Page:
Spatial pattern in macroinvertebrate communities in headwater streams of New Zealand and a multivariate river classification system : a thesis presented in partial fulfilment of the requirements for the degree of Master of Science in Ecology at Massey University, Palmerston North, New Zealand
Macroinvertebrate data collected from 120 headwater streams in New Zealand were used to
test the ability of the Freshwater Environments of New Zealand River Classification
(FWENZ) to explain spatial variation in unimpacted stream invertebrate communities.
FWENZ is a GIS based multivariate river environment classification of the sections of
national river network. The classification performance of the FWENZ was examined to
determine the optimum classification level which could be used for the purpose of
conservation and biomonitoring of New Zealand rivers and streams. The classification
performance of the FWENZ was also compared to those of two other river classification
systems, the ecoregions and the River Environment Classification (REC). Results of the
analysis of similarity (ANOSIM) test showed that discrimination of the study sites based on
interclass differences in macroinvertebrate community composition was optimal at FWENZ
100 class level which classifies the New Zealand rivers and streams into 100 different groups.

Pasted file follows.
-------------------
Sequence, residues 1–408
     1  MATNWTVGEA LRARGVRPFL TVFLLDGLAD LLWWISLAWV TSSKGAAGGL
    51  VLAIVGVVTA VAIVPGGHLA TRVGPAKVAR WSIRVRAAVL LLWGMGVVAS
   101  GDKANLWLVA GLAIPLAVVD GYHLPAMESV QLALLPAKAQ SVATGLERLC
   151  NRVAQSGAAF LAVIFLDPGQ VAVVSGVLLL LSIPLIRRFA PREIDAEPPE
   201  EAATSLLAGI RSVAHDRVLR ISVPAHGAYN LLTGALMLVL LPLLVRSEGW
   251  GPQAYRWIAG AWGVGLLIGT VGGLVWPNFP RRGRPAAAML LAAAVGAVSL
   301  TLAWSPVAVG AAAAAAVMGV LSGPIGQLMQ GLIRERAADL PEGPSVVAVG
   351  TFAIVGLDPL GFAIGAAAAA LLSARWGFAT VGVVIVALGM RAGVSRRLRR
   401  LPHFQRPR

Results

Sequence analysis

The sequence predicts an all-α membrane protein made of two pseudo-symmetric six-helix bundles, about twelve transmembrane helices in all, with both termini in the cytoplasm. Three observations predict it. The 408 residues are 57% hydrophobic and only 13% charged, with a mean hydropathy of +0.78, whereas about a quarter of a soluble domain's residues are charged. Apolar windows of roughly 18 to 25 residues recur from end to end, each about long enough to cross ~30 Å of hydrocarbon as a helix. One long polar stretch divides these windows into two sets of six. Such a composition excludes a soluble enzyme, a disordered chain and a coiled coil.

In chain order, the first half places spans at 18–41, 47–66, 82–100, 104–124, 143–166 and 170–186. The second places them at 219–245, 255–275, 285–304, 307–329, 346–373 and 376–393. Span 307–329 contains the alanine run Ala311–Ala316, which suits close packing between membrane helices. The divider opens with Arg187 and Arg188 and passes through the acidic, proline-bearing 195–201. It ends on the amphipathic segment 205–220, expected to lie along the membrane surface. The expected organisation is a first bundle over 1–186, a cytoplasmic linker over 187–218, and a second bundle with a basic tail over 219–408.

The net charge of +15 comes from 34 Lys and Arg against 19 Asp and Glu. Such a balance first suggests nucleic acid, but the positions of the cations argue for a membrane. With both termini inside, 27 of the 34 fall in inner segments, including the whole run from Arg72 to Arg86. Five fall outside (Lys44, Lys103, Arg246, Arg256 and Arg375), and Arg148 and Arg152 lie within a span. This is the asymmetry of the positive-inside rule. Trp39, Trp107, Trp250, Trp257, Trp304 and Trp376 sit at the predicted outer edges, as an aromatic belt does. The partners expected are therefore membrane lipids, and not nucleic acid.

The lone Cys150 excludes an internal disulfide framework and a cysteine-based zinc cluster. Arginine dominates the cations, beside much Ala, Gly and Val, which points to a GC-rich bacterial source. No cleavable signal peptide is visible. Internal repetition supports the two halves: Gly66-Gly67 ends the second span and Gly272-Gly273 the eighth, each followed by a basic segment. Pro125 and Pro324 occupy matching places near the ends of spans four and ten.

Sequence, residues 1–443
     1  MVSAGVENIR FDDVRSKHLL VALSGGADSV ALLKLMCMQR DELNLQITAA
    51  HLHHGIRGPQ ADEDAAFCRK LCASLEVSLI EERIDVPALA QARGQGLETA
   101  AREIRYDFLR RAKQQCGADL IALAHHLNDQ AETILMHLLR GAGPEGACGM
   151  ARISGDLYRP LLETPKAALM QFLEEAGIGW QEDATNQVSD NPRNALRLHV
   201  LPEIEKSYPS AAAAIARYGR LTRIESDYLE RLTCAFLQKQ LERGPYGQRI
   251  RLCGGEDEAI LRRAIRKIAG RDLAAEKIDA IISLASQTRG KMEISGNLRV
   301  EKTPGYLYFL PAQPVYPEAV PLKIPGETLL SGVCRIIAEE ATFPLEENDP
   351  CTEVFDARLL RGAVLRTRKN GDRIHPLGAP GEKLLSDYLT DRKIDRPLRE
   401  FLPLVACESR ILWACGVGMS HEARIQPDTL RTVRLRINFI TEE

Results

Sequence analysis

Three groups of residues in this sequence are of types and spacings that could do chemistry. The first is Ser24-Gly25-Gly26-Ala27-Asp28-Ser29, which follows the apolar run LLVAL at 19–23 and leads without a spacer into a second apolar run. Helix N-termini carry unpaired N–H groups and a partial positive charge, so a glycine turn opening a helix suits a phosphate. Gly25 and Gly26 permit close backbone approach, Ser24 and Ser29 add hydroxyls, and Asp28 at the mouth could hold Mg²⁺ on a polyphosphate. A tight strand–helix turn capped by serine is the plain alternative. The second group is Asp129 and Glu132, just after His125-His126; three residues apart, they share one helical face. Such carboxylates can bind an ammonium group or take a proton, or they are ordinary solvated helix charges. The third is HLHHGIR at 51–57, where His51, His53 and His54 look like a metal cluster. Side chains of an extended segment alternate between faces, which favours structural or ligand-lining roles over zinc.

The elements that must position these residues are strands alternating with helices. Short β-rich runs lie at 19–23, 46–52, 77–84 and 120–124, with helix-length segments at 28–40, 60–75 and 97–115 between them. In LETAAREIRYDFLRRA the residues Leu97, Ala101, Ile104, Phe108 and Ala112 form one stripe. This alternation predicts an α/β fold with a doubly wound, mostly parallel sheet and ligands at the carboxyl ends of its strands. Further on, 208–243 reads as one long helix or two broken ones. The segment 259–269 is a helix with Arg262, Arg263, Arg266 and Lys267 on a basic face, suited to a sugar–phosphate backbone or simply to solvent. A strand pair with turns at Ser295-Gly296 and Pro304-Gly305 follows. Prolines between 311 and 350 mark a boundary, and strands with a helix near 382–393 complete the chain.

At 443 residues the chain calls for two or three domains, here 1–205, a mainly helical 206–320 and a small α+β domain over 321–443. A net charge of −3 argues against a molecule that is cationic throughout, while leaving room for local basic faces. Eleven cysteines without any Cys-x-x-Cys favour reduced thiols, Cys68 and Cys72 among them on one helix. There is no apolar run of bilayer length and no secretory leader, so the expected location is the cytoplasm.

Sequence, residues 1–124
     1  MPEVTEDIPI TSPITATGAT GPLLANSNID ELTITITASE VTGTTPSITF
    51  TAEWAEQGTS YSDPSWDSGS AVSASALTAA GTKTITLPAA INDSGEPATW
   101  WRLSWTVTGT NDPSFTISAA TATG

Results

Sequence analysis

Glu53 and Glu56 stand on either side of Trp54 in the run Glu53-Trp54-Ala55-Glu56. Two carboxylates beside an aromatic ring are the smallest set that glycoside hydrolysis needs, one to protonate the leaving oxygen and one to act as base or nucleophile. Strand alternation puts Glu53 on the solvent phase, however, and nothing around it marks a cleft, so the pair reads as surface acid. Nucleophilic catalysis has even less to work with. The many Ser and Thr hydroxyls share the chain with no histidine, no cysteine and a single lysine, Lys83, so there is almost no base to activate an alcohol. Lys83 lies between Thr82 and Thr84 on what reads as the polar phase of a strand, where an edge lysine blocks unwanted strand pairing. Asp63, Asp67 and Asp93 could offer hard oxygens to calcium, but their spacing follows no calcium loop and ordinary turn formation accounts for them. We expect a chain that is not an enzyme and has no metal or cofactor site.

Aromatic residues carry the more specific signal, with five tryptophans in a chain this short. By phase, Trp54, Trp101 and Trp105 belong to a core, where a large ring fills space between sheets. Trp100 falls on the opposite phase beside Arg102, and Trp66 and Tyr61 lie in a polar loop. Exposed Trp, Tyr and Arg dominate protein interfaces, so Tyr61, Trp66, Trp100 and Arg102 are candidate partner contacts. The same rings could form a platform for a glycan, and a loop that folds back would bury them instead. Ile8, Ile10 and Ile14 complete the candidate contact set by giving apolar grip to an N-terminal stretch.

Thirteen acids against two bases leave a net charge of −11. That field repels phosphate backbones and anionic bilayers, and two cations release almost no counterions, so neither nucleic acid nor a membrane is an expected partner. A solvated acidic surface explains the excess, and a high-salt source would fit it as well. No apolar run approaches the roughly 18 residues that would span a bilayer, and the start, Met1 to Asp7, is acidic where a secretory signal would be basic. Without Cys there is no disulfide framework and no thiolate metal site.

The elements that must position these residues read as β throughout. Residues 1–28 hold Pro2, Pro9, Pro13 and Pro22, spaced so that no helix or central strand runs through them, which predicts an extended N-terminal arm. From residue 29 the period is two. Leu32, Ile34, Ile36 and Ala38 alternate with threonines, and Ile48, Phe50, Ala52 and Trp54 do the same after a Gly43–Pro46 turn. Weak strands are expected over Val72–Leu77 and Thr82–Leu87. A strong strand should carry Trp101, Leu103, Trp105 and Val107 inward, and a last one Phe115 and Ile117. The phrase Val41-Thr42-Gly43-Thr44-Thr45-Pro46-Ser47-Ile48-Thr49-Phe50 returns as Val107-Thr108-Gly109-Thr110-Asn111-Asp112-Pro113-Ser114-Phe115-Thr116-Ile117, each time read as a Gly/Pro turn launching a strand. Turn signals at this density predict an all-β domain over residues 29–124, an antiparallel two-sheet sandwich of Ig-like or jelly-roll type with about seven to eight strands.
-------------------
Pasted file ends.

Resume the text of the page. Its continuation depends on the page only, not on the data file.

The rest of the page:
The FWENZ 100 class level distinguished the biological variation of the study sites at a finer
spatial scale than the REC Geology level. Although performance of the ecoregions
classification was stronger than both the river environmental classifications, the REC and the
FWENZ, but it was unable to explain the variation in local assemblage structures.
Multivariate analyses of the macroinvertebrate abundance data and the associated
environmental variables at three different spatial scales (upstream catchment, segment, and
reach) were used to identify environmental predictors of assemblage patterns. Catchmentscale
measures of climatic, topographic and landcover factors were more strongly correlated
with macroinvertebrate community structures than segment scale measures, whereas reachscale
measures of instream physicochemical factors and riparian characteristics had the least
association with assemblage patterns. Despite the strong influences of cathment-scale factors
on macroinvertebrate communities, local factors like water temperature, stream velocity,
reach elevation, percent canopy cover and percent moss cover were also involved in
explaining the within-region variation in assemblage patterns, which indicates the importance
of considering regional as well as local factors as surrogates of stream invertebrate
communities to provide a base for stream bioassessment programmes at multiple scales.